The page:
IMP002 vs. IMP001 connectivity

Hi I am having a strange issue with IMP002 running the same model as an IMP001. I have a few 002s running and they all seem to fail to connect to the WiFi after running several cycles of a wake up - report - sleep routine. The model is running absolutely fine on the IMP001. And it runs fine for quite some number of cycles on the 002s. But eventually the imp fails to connect, exits with WiFi outage and then reboots. Sometimes it just hangs up by reporting “Device Connected” every three or so seconds on the console.

Any pointers appreciated.

Could it be a power issue? Get them to report hardware.voltage() maybe.


Also, what board is the imp002 on, and what power supply is in use?

Is VDDA connected correctly? (VDDA is connected to VDD internally on imp001).

Hugo, Peter - thanks for your response. It is a board I built broadly following the Nora design. So it has the power management circuitry and is on AAs. VDDA is correctly connected to VDD. hardware.voltage readings are all in 2.7 - 3.1 range.

I finally had a close look at Nora gerbers and realised that a key difference was my power lanes were not as thick. Do you think this could cause a problem?

In your testing, is the power sub-system the same between IMP001 and IMP002? Or is it a totally different board with different traces and circuitry?

Bit worried about the voltage varying that much; things like layout are critical for DCDC converters and if you have this wrong then the load transient behavior will be suboptimal. WiFi turning on is a big load transient…

Can you post the design and layout? (if you’re a commercial customer, then put it on a support ticket for private review)

Hi Hugo - the voltage does not vary for the same imp; I meant to say the three different 002s I have running are at different battery voltages - all between 2.7 and 3.1.

I am not yet a commercial customer - just very close to being one!

Attached are the design and layout of the basic device I am testing. As you can see the power circuit is borrowed from Nora.

Swieter - the devices are being powered by their own AAs.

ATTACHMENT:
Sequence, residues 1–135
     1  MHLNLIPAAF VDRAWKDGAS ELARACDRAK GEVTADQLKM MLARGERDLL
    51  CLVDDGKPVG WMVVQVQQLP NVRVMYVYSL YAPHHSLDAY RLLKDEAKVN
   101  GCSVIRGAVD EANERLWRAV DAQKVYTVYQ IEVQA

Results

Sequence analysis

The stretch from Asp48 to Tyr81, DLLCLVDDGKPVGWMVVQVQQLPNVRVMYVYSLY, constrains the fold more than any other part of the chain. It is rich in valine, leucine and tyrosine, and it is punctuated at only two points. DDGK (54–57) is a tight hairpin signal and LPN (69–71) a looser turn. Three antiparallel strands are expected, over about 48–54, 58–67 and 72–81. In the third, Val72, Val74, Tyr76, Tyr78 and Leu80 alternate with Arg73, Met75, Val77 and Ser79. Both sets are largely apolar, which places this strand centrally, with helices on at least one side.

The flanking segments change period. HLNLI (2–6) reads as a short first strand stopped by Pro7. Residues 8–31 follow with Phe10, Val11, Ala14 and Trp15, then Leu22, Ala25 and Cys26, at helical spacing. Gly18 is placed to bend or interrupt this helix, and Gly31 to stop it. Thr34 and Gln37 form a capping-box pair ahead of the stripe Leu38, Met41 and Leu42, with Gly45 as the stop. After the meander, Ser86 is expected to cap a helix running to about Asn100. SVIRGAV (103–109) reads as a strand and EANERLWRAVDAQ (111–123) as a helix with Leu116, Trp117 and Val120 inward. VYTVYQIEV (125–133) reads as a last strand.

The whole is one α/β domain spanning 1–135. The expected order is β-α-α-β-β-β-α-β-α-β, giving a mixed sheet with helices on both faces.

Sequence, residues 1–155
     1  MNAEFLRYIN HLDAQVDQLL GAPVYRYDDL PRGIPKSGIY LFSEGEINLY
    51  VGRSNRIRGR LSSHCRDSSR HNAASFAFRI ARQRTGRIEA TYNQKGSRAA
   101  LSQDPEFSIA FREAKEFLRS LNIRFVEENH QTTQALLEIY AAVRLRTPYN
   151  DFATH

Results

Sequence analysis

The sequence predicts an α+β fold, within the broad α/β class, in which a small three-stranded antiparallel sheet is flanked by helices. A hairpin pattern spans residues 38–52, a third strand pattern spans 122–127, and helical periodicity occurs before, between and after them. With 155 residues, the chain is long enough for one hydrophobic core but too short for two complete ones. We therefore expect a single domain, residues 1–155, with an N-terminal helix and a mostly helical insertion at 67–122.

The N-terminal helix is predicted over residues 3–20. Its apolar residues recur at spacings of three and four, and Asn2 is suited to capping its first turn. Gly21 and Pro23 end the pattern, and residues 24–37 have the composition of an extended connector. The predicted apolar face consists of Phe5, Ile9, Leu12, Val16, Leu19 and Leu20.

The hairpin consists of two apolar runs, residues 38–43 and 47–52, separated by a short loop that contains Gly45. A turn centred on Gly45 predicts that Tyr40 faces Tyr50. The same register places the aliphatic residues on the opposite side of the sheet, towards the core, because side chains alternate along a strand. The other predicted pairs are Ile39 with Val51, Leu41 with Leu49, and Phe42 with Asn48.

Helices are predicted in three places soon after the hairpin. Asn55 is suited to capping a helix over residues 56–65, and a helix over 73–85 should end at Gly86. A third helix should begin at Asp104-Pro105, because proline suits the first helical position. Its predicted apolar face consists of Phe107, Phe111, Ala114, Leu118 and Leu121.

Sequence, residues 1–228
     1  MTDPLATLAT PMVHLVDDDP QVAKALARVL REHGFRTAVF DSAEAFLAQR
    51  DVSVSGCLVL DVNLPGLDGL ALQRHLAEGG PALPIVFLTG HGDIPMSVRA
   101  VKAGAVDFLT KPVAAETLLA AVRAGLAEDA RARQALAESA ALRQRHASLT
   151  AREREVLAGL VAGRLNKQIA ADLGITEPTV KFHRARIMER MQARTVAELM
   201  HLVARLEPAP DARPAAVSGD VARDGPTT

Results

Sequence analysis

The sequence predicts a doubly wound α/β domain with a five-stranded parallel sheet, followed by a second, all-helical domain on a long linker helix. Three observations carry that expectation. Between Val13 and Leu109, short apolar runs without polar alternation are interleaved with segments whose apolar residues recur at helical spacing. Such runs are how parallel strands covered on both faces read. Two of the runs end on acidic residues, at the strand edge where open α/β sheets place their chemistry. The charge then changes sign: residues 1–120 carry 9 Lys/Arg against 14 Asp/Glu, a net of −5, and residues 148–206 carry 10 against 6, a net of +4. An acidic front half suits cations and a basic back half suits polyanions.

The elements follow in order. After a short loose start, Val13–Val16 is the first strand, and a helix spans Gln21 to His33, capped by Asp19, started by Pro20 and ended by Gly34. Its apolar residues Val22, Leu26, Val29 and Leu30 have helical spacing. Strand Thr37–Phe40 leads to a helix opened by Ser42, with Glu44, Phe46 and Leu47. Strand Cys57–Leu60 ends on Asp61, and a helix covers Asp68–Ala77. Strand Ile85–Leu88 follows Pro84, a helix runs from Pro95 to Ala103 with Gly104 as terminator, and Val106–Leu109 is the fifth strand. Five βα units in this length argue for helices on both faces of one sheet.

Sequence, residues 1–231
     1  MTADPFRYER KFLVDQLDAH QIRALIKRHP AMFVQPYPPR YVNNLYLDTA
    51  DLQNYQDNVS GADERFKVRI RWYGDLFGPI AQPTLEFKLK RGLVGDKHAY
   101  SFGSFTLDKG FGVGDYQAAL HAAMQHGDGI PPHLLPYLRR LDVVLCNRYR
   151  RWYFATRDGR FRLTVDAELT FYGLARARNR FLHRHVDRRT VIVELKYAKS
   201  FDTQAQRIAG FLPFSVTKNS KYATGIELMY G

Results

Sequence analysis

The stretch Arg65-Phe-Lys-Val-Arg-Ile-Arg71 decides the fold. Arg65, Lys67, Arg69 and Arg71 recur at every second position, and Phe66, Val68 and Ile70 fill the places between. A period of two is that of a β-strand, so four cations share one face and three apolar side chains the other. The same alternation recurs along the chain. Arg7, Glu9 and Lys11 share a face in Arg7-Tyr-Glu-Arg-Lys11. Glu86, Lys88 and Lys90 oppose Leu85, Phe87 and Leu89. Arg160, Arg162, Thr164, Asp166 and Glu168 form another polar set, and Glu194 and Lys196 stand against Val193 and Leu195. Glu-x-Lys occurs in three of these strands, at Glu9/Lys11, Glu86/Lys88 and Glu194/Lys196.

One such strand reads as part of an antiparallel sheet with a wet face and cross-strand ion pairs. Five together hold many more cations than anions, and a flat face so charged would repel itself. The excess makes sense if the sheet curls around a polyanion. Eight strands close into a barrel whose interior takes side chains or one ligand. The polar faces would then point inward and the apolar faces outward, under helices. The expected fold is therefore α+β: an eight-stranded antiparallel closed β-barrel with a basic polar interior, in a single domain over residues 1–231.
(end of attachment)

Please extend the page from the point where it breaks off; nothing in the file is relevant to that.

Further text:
I suspect this is a PSU issue; your layout of the DCDC is a long way from ideal. If you can copy the Nora layout closely (component placement, via placement, trace width etc) you will do a lot better.

eg: the feedback network is not well placed, the inductor and input cap both likely need to be rotated 180 degrees and connected with thicker traces, etc. DCDCs are very touchy about optimal layout.

You may be able to improve the performance with this layout by adjusting the feedback network to boost to 3.3v vs 3.0v (gives more headroom when the voltage dips) and increasing the output capacitance on your “VBAT” line, eg change C1, C2, C9 to 22uF as these are all the same physical size anyway… but you should fix the DCDC layout.

Note that it’s a bit strange having the actual battery net called VCC and the PSU-generated voltage VBAT, I’d usually expect those the other way round. Your power traces could also all do with being thickened up significantly.

Thanks much.

When you say adjusting the feedback network do you mean selecting the bridge resistor values to give me 3.3v? Did not quite follow what rotating by 180 does…

The VBAT vs VCC was a sloppy mistake which I realised too far into that design. Have changed it since.

I shall go back to the drawing board!

If you look at the trace to the inductor, then to the cap, this goes the long way round. If they were both rotated, it’d be neater.

Yes on the adjusting resistor values to get the higher voltage which means if it droops, it has further to go before it causes problems. Changing the caps essentially does the same thing - helps to reduce harmful droops due to bad transient behavior.

You also need way more GND vias. Right now there are no vias which connect the top and bottom planes excepect at the imp. Since one of the GND pins of the DCDC is tied to the bottom layer all of the current has to flow from the left side of the board all the way over to the imp then up the via then all the way back. That will create all kinds of problems.

I’d say you need at least another 20 GND vias around the outside edge of the board and a bunch around the power supplies and undervoltage lockout.

Great catch brandon. Thanks for the clarification Hugo. Best.